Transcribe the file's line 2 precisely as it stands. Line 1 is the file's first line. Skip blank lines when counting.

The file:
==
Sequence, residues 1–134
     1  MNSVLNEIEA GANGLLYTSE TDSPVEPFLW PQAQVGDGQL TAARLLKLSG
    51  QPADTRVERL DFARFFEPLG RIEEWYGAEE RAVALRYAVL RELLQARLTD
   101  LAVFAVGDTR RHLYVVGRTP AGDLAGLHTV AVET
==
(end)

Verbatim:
     1  MNSVLNEIEA GANGLLYTSE TDSPVEPFLW PQAQVGDGQL TAARLLKLSG